Tag Archives: aeolian islands

Italian Indigenous Varieties: Malvasia di Lipari

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This week’s indigenous variety is Malvasia di Lipari. Like all of the other Malvasia varieties, this ne is also part of the Malvasia family. Lipari is a beautiful island in the Aeolian Islands. Malvasia di Lipari is usually made into a sweet wine. The grapes are harvested late and usually dried for a brief period on mats before being made into a sweet wine. The wine is golden and fascinating and exquisite.

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Florio, part of the Banfi portfolio makes this particular Malvasia di Lipari and is widely available in the US.

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I spent an amazing week sailing around the Aeolian Islands some years ago. It was an incredible experience. These volcanic islands are fascinating for their beauty, beaches, wines and food. I loved it and will always remember it. I can’t wait to go back some day.

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Italian Indigenous Varieties: Corinto Nero from Sicily

This week we are looking at an Italian indigenous variety from Sicily – Corinto Nero. The grape originally hails from Greece, either from the city of Corinth or Naxos. It was brought to the Aeolian Islands off the coast of Sicily sometime in the Sixth Century.

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In the past, the grapes were present on Lipari, Stromboli and Salina and were used in the making of a sweet wine known as Malvasia delle Lipari. It was generally used for only 5% of the blend and was called “Passolina“ because the grapes are dried, known as “uva passa.”

Today at least one producer also makes it into a mono-varietal wine on Salina called,
Nero du Munti.

Nino Caravaglio started making the wine after a visit to Lipari.I have not had the pleasure of trying it yet but look forward to doing so. It is described as being spicy with red plum notes on the nose and palate.

There is also a Corinto Bianco and a Corinto Rosa but they are less frequently planted. Corinto Nero also grows in the Emilia-Romagna region where it is called Tarmarina.

Corinto Nero is a hardy variety that was never effected by phylloxera. It grows well in sandy soils and has been able to withstand strong winds that blow in the Aeolian Islands. I experienced those winds first hand on an amazing sailing trip through the islands some years ago. We got caught in a huge storm with 50 knot winds but luckily I had a talented skipper and we were all fine. Some 100 boats were destroyed on Panarea in that storm. No laughing matter.

Apart from the one eventful evening, it was one of the most glorious weeks of my life in Italy – no small feat. From Salina, a gorgeous island where il Postino was filmed with wonderful granita alle mandorle Da Alfredo to the lava explosions that continually roll down the side of the mountain in Stromboli known as la Sciara, to the thermal waters of Vulcano, to the caperi and dateri from Alicudi and Filicudi, to Panarea, an incredibly romantic island with no cars and few lights as you wandered around at night, the islands were all just marvelous.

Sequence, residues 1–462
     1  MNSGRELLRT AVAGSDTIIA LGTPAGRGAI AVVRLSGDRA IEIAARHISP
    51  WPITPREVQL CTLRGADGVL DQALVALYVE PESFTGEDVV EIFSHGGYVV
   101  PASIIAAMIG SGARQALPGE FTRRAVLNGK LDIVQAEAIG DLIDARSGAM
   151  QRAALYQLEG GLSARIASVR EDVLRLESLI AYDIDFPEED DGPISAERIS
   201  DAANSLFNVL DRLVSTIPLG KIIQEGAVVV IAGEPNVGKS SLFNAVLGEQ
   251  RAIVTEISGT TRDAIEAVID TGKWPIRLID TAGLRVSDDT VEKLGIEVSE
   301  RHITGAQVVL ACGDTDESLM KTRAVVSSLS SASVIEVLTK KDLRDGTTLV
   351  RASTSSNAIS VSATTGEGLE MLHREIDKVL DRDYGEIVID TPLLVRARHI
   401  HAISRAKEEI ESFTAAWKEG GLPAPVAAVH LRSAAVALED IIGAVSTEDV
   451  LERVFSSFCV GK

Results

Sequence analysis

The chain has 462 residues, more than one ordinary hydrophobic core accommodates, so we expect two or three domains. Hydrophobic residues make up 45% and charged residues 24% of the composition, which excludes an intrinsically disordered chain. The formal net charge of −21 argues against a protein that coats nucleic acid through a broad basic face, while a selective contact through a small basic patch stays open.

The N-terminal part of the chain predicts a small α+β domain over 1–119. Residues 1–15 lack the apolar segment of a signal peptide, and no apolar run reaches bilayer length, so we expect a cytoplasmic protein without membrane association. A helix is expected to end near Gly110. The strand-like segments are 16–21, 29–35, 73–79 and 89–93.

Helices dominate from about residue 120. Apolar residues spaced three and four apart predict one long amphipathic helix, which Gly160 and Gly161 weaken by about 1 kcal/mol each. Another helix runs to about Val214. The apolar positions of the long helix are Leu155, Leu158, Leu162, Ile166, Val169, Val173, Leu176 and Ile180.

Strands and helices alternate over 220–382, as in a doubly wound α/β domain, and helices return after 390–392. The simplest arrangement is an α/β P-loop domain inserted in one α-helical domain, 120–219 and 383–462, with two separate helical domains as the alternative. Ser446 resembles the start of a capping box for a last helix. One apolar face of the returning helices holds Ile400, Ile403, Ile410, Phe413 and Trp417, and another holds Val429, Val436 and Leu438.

Corinto Nero is also grown by the Azienda Agricola di Paola Lantieri on Lipari. For those who can read it, this interview is very interesting about how she decided to start producing wine from her small plot on Lipari thanks to her love of the islands. I can see how so many people go on vacation to these islands and fall in love with them. I know I did and I can’t wait to go back, maybe one day for the Salina Doc Festival, a film festival centered around young directors run by Artistic Director Giovanna Taviani. While there I would love to visit the Capofaro resort of noted Sicilian producer, Tasca d’Almerita.

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La Notte di San Lorenzo – The Night of the Shooting Stars

August 10 is officially known in Italy as la notte di San Lorenzo or the Night of the Shooting Stars. This is because, apparently, tonight if there were clear skies, one could see many shooting stars. I always thought this was very poetic but somewhat of a myth. Until I went sailing in the Mediterranean some years ago on August 10. I saw tens of shooting stars and it was indeed magical. I have no idea why this is the case, from a scientific point of view, but effectively everyone in Italy looks to the sky on this evening to make a wish on a shooting star.

There is also a very famous movie called the Night of the Shooting Stars by the Taviani Brothers. I love that movie and most that have to do with World War II.

Recently I had the pleasure of translating for Giovanni Taviani, the daughter of one of the brothers, at an event hosted by I-Italy in New York. She runs a great documentary film festival in Salina, one of the Aeolian Islands off the coast of Sicily. Salina is a magical place and Giovanna, a fascinating woman.

Salina is the island where Il Postino was filmed, that wonderful film with Philippe Noiret and Massimo Troisi about Pablo Neruda. Salina also has the best granitas, especially the one made from Almond milk or latte delle mandorle. I went sailing around those islands and am a very big fan despite having encountered 100 knot winds….yes 100 knots.

I wish I could go to the festival that starts on September 12 but I think it may have to wait until next year. Giovanna’s own film was very interesting and I hope she gets to show it to a wider audience in the United States. I’ll be looking up at the sky tonight. Remember you can make a wish on every star you see, as many times as you want. Sounds like a good deal to me.

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